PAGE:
How does your school determine what to prioritize around student health and wellness? Action for Healthy Kids recommends using the School Health Index to assess your school’s health environment to determine what you’re doing well and where you could improve. Attend this webinar to learn about the School Health Index, how to use Action for Healthy Kids’ school portal to complete the assessment online and how to make the most of the summary reports generated by our technology to improve school and student health. School and district staff, parents and community members are encouraged to attend this webinar.

Archived Webinars

Healthy Snacking (30 minutes)

Spice up your snacking routine with fun and healthy snacks for all ages. Learn about easy, healthy snacks you can serve during or after school and as part of school celebrations.

Family and Community Engagement 101: Maximizing Volunteers for School Health (60 minutes)

To make the most out of your school health programs, it’s essential to make the most out of your family and community volunteers and partners. This webinar prepares you on how to best use the parent and community volunteers you already have, and how to find the best volunteers to meet your school health needs.

School Digs! Raising the Bar and Profits with Healthy School Fundraisers (60 minutes)

Whether it’s the cafeteria, playground, classroom or another area on your campus, kids need to get the same message everywhere: Be active and eat healthy! This webinar is designed to show you where campuses can improve and make sure that kids are getting the right message about healthy eating and being active. Create healthier school parties, offer healthier rewards, or host a healthy non-food fundraiser. Hosted by Parents for Healthy Kids.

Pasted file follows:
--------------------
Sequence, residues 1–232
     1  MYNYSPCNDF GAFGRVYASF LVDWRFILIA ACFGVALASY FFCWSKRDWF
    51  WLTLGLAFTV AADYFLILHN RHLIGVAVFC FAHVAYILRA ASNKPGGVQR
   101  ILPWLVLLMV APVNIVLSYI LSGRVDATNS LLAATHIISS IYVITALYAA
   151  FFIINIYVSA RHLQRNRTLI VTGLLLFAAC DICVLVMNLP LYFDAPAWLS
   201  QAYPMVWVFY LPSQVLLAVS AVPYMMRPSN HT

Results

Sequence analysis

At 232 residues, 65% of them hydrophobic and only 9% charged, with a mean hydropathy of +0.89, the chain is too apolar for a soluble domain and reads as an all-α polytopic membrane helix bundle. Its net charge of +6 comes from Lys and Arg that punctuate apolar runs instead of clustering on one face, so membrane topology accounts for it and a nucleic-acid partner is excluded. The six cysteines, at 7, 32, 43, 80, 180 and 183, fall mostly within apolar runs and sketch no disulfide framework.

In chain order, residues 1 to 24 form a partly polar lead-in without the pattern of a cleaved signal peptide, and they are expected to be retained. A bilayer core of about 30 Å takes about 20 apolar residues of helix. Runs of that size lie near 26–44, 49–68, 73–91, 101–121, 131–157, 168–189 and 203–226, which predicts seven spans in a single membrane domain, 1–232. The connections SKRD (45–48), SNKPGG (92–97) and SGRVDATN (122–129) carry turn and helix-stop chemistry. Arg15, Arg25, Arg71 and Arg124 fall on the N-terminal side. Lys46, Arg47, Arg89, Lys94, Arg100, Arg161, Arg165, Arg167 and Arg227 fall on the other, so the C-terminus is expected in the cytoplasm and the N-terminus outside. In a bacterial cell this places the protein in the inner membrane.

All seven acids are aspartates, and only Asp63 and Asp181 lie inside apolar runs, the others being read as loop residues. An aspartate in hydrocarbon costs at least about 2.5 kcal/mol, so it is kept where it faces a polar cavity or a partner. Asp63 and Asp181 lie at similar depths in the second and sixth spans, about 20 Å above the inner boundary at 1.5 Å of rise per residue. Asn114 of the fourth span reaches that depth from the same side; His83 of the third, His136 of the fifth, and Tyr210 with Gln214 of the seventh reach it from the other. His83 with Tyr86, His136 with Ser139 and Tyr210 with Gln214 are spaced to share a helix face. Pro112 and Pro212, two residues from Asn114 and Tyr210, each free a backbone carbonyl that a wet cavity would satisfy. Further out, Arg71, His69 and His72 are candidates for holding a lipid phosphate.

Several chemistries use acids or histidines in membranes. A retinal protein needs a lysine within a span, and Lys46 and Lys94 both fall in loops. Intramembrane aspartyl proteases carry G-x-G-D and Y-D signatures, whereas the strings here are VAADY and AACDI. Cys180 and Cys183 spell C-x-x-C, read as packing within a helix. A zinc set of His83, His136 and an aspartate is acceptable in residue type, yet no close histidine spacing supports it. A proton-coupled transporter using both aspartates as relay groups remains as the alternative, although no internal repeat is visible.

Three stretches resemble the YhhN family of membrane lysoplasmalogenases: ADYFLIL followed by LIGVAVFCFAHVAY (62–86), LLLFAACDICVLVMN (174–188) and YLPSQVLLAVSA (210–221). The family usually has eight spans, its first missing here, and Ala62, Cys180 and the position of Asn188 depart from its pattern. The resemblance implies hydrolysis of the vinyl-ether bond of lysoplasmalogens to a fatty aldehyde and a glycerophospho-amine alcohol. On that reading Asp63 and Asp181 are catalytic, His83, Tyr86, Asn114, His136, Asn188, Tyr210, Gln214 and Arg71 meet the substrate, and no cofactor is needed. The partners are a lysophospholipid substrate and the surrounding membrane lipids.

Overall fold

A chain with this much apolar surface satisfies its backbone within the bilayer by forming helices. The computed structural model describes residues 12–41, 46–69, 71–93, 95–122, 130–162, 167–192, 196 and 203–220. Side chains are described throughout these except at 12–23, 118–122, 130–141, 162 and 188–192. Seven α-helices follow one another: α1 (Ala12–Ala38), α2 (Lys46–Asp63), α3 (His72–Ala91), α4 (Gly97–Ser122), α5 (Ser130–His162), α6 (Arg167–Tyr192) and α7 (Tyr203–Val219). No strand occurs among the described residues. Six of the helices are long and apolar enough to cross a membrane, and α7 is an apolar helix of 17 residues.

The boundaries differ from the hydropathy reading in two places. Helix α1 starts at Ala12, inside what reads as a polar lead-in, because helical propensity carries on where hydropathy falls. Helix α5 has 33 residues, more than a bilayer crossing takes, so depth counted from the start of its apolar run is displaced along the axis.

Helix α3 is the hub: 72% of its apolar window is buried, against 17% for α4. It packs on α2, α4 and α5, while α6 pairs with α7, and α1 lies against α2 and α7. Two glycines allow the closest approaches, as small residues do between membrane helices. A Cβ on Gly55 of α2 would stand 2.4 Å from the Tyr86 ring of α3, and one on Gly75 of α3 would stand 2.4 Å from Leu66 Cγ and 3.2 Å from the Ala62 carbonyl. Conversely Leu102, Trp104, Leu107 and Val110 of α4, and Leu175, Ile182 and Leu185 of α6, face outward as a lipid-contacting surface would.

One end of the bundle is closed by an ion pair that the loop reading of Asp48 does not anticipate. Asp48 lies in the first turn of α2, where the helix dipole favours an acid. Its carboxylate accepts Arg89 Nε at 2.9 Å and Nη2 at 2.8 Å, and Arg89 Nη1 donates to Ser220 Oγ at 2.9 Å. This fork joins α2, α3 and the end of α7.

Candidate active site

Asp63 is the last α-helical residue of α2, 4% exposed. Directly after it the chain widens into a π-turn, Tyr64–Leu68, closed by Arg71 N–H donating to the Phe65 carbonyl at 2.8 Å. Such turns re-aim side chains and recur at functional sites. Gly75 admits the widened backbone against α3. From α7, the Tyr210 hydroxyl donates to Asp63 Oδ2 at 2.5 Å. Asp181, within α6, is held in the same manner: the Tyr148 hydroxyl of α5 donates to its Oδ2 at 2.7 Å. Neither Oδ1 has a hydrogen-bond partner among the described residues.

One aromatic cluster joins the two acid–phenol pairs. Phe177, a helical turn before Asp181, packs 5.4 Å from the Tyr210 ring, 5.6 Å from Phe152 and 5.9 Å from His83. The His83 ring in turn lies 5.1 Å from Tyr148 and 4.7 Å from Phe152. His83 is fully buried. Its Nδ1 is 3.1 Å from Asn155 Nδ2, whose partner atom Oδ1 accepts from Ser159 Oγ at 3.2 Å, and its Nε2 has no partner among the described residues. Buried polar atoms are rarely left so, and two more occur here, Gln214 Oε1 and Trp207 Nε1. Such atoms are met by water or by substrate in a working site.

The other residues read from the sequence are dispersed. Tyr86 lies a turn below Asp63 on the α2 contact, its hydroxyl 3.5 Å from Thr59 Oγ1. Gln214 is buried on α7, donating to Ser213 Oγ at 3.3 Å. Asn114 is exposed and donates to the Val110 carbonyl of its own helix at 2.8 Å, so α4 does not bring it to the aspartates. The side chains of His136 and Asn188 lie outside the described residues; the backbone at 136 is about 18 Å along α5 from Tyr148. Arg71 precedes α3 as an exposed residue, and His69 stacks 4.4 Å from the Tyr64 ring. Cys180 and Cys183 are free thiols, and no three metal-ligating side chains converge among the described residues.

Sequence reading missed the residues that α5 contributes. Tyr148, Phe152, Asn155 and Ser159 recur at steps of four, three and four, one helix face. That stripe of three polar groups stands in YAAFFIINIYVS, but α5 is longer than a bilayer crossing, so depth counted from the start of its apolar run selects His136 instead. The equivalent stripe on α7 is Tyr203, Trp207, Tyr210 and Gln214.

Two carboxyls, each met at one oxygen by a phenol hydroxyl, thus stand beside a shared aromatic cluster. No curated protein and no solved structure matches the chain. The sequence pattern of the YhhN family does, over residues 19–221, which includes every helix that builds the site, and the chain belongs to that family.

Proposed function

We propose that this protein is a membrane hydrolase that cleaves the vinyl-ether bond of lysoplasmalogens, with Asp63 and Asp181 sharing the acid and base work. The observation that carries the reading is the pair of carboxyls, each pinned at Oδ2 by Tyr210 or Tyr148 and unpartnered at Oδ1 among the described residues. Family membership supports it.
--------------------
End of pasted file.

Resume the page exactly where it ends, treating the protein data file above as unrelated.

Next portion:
Helping Kids Learn Better with Healthy School Meals (60 minutes)

Learn how national school meal programs work and how parents and community members can deepen support, trust and meaningful collaboration with nutrition services staff to create healthier school food environments. For parents, school wellness champions and school health teams.

Yoga in the Classroom (30 minutes)

Use simple yoga-based movements and practices to increase physical fitness, student focus and academic performance! For teachers and champions for active kids.

Healthcare Transition Toolkit for Children with Disabilities

If you have a child with a disability, you have probably become very familiar with navigating and supporting their health care needs over the years. However, once your child turns 18, health laws turn much of the responsibility of that care over to your child. Youth with intellectual and developmental disabilities often face a variety of barriers in accessing and managing their health care when they reach adulthood. The Autistic Self Advocacy Network (ASAN) has created a comprehensive toolkit called Transition to Adulthood: A Health Care Guide for Youth and Families.

The toolkit does not focus just on those young adults on the autism spectrum, and many of the tools in the kit are of use to any family. The toolkit provides information on:

  • How to choose a source of health care coverage
  • How to create a health care support network
  • How to integrate health care transition goals into individual educational plans (IEPs), beginning in middle or high school
  • How to manage their own health care

The toolkit also provides guides and worksheets for keeping track of health care records, making doctor’s appointments, and talking to doctors about health concerns. Health care services and supports are often plentiful for children, but lacking for adults. Use the toolkit to help prepare your child for managing with their health care needs in adulthood.